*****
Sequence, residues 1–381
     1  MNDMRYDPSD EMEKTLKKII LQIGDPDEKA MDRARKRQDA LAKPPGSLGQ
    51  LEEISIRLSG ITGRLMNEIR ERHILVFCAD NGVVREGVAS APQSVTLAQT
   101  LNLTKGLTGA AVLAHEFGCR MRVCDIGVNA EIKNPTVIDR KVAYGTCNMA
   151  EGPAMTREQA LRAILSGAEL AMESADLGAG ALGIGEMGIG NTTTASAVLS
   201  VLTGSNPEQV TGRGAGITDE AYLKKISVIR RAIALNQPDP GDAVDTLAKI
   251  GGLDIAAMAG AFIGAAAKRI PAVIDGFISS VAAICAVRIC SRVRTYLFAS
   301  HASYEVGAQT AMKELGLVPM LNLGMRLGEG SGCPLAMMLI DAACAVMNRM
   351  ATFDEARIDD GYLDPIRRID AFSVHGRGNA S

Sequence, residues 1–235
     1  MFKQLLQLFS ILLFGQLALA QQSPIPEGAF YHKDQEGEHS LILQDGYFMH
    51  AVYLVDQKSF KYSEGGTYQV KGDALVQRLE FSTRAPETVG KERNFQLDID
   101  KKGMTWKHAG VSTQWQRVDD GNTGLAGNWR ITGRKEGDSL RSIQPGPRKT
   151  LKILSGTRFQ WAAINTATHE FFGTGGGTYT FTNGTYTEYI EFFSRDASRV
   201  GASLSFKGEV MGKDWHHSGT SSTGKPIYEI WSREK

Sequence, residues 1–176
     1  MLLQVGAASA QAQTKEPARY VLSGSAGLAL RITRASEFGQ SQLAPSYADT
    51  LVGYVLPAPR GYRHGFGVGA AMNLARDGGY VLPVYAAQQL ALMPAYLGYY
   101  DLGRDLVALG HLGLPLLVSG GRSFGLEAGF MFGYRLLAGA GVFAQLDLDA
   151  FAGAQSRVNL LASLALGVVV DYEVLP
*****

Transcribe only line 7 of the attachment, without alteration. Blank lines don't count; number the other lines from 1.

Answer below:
   251  GGLDIAAMAG AFIGAAAKRI PAVIDGFISS VAAICAVRIC SRVRTYLFAS